Strike Three! – Investment Criminal Kashif Khan Should Be Kicked Out of the Diamond & Investment Industries

This story is the third chapter in what seems to be a nightmare for many diamond investors around the world, but especially in the small Canadian market of Toronto, where the incidents have been taking place. It is astonishing that that scheme has been ongoing for so long and no authorities have moved to shut down this operation.


Diamond Investment Crime: History Repeats Itself

The story began back in 2016 when I published an article regarding Precious Investments Inc. and its attempt to defraud investors of millions of dollars. Precious Investments attempted to launch a digital currency backed by physical diamonds that they named BitGems, although that attempt ultimately failed. Precious Investments was the third incarnation of that company’s name, and came complete with a ticker symbol PNIK that was traded on OTC pink sheets. It is not surprising that the ridiculous scheme went belly up, but what is not surprising is that founder Kashif Khan did not stop there!

A snapshot of the PNIK share price activity as of 29 June 2017 (2 years after the BitGems scheme was disbanded!)

See how they are a delinquent in SEC Reporting       Image credit: OTC Markets


A Snapshot of the PNIK share price performance since we exposed them first back in early 2016        Image Credit: OTC Markets


A year later, that $5 million fraud failure, was followed by an even bigger fraud attempt of 20 times the size, at over $100 million. Precious Investments announced that it was acquiring a unique portfolio of diamonds, in exchange for hundreds of millions of shares – even though the whole company was worth a fraction of the value. This second case of fraud for Kashif Khan was also upended spectacularly.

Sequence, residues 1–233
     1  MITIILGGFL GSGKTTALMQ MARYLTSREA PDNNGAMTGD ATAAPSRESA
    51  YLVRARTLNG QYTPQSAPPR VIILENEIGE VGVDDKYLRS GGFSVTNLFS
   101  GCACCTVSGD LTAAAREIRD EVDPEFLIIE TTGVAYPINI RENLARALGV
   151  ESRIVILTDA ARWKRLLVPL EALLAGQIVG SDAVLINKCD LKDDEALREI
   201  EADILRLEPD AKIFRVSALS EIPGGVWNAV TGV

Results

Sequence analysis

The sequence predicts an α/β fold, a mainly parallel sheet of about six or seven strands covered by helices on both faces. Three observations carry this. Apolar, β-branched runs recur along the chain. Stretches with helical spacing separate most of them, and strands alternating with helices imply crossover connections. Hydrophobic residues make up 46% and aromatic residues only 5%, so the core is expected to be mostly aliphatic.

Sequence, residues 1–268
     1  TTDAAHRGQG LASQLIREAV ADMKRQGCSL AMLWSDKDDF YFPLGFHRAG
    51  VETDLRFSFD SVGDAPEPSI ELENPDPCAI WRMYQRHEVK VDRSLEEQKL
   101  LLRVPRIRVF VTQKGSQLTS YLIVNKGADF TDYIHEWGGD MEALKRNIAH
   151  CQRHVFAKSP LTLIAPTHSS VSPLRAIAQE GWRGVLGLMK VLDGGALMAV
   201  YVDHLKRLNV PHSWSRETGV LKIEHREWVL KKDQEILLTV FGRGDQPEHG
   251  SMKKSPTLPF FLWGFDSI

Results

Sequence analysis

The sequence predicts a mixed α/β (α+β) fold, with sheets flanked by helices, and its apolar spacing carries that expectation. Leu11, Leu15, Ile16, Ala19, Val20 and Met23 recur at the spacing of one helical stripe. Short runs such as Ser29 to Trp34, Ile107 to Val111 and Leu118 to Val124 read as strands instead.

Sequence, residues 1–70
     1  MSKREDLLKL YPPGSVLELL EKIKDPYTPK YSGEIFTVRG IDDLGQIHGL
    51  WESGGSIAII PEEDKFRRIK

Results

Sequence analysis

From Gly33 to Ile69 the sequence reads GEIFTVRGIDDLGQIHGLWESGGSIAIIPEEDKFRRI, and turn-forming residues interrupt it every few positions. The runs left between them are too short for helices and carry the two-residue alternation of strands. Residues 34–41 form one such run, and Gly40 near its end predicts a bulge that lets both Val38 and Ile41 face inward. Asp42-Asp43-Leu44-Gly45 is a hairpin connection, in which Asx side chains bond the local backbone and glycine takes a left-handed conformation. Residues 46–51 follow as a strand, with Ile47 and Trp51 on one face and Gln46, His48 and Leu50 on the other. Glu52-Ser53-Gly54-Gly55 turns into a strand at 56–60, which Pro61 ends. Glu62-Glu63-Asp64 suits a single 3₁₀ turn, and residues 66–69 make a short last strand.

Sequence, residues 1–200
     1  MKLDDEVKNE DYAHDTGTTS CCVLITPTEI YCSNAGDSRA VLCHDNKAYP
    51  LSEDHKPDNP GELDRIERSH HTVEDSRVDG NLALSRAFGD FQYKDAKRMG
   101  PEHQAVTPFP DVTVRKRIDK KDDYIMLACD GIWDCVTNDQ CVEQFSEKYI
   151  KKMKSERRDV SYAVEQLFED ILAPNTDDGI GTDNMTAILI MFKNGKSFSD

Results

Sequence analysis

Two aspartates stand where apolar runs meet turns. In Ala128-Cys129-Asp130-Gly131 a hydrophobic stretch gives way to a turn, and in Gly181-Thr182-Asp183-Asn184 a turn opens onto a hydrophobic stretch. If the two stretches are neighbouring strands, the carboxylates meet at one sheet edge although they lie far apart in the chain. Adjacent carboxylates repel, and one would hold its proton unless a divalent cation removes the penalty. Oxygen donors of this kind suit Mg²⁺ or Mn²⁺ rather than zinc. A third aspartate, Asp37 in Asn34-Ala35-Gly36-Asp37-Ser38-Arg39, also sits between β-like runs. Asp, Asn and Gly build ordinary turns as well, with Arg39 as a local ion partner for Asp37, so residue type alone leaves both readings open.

In between the first and second fraud incidents, we even had an encounter with an accountant seeking assistance as he was claiming that his client invested in the first fraud. We suggested the proper authorities be contacted and we sincerely hope that it ended well.


Current and Third Fraud attempt

Just a few short months after the second fraud case, Kashif Khan is at it again, and he even seems to be learning from his previous attempts. This time he is dressing his operation as a legitimate Asset management company that advises investors on acquiring fancy color diamonds.

On March 8, 2017 an announcement was made via PR Newswire about a glorious partnership between Flawless Management and Precious Investments Inc. (PNIK).

The Article’s first sentence already laughable tells us how clueless Kashif Khan is about diamond investments and also has a major ‘flaw’: “Flawless Management is the first and only fund trust of its kind in Canada, allowing Canadians to invest in rare colored diamonds….”. In my opinion when making such a strong claim such as this one, proper research must be done in order to back it up. Did Khan not know that Valhalla Diamond trust fund has existed since 2014?  A full 3 years earlier? Pretty convenient to leave that out just to make a point.

When I reviewed the Flawless Management website, I continued to see flaws (not so flawless after all!). Firstly, the company was 75% owned by Precious Investments, who is run by none other than Khan himself, meaning that he sold a majority stake in one of his companies to another company he runs (but no longer runs since he quit his position, which is mentioned in my second article). This creates a major conflict of interest. Secondly, Khan is currently the CEO of Flawless while the president is an individual who is a doctor with some real estate investment experience. What is wrong with this picture? (Hint: what does either of them know about fancy color diamond investments?)

I am further investigating who is promoting this financial product to the mass market, and who approved it. From extensive searching, I can see that nobody in the securities office of the SEC or the Ontario Securities Commission did any basic research on PNIK. Can somebody please forward this article to anybody at those offices? I can fill you in.

It can be hard to swallow that even in a year as advanced as 2017, such a ridiculous criminal is still freely duping innocent investors. However, to end this story on a good note – there are 2, if not more, pending law suits against Khan and his companies for fraud, on both sides of the Canadian/US border. Perhaps with increased exposure the SEC or the Ontario Securities Commission will wake up long enough to shut this racket down! How many more strikes does this man need?!


Got any questions or concerns about diamond fraud? Ask in the comments!

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